After a series of brutal and costly colonial wars in German Africa and legislative impasses in the Reichstag, Chancellor Bülow called new elections in 1906 to forge a stable legislative bloc of liberal and conservative parties. This chapter analyzes how Schmoller, Sering, and the other fleet professors mobilized for this election campaign to support the colonial reform program of the new Colonial Director Bernhard Dernburg as a new prong of “World Policy.” This campaign generated much new imperialist propaganda that would have a lasting impact in Germany. As the colonial crisis subsided, the Baghdad railroad faced new financial and political challenges that Karl Helfferich was called to surmount. Formal professor exchanges between the United States and Germany were initiated to help improve deteriorating relations with the United States, with Hermann Schumacher serving as the first Kaiser Wilhelm Professor to Columbia University from 1906 to 1907. The United States was now an imperial power, and Schumacher’s extensive travel through the country and to Cuba revealed its vast potential but also its challenges to Germany. Strong parallels were suggested with Russia, reinforcing more Eurasian aspirations for German “World Policy.”
Revolutions are traumatic experiences for individuals, their communities, and the larger society of which they are a part. This chapter focuses on society, analyzing those trends and dynamics within post-revolutionary societies that give the entire polity – not just the state but non-state actors as well – the peculiar characteristics that they acquire after revolutions. The chapter examines the changing nature of state–society relations in the aftermath of revolutions. In specific, the chapter focuses on how the emerging leaders of the new state impose their own vision of the revolution on social actors, not all of whom may share the same vision. New state leaders often suppress or altogether eliminate nonconformists while at the same time continuing to keep the momentum of revolutionary mass mobilization going. This has consequences for the emerging political culture, which is often polarized, revolves around zero-sum assumptions, and is therefore anti-democratic. The ingredients for political opposition are abundant and often extremist, though the prospects of yet another revolution are dim.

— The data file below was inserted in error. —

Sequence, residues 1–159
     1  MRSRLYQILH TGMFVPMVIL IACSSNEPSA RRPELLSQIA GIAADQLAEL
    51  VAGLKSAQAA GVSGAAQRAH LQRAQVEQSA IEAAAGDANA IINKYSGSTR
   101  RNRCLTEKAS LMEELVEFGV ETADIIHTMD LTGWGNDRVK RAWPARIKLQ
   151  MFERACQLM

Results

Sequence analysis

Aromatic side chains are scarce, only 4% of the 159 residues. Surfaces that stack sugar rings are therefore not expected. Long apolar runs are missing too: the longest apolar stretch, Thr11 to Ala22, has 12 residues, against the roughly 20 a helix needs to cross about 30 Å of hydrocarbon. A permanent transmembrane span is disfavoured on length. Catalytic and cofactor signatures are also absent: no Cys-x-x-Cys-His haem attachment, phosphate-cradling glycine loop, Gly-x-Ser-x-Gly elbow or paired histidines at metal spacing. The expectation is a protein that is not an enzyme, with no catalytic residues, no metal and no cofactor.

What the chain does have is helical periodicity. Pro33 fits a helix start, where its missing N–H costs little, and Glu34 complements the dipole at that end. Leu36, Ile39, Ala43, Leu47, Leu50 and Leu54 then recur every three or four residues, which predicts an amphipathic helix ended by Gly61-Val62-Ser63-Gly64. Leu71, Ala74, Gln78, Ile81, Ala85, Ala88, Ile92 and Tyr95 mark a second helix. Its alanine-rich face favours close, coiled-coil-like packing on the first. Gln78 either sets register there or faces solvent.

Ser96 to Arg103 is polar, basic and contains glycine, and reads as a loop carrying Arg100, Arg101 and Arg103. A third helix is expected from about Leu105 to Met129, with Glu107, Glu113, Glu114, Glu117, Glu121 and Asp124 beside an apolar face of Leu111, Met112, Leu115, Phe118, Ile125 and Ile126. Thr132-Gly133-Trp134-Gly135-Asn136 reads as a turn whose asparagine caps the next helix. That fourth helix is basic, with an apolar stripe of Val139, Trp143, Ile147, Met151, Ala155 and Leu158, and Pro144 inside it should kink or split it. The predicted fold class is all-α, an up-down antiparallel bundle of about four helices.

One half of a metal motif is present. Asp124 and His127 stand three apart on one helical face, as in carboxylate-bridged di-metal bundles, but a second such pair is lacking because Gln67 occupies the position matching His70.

This chapter examines planned revolutions, which emerge from deliberately organized and orchestrated rebellions. Planned revolutions contain several key, interrelated elements. First, regardless of their declared ideological beliefs, all self-declared revolutionaries are essentially nationalist. Two other, related elements characteristic of planned revolutions are those of leadership and the party. Planned revolutions will not appear unless several highly dedicated individuals commit themselves to planning, organizing, and leading a takeover of power. Sooner or later, the cabal gives rise to a political party or a guerrilla organization whose chief, often only, mission is to lead a revolution. The party sees itself as the revolution’s vanguard. Among the planners involved in this vanguard, usually an individual with greater ambitions, or better organizational skills and opportunities, or through sheer chance, emerges as its leader. While planned revolutions cannot succeed without the work of an organized revolutionary party, the party’s leader becomes the face of the revolution, and, if the revolution succeeds, he then becomes the leader of the country. The October 1917 Russian revolution, and the Chinese, Vietnamese, and Cuban revolutions belong in this category. As starkly evident by Che Guevara’s failed movement in Bolivia, not all attempts at revolutionary capture of power succeed.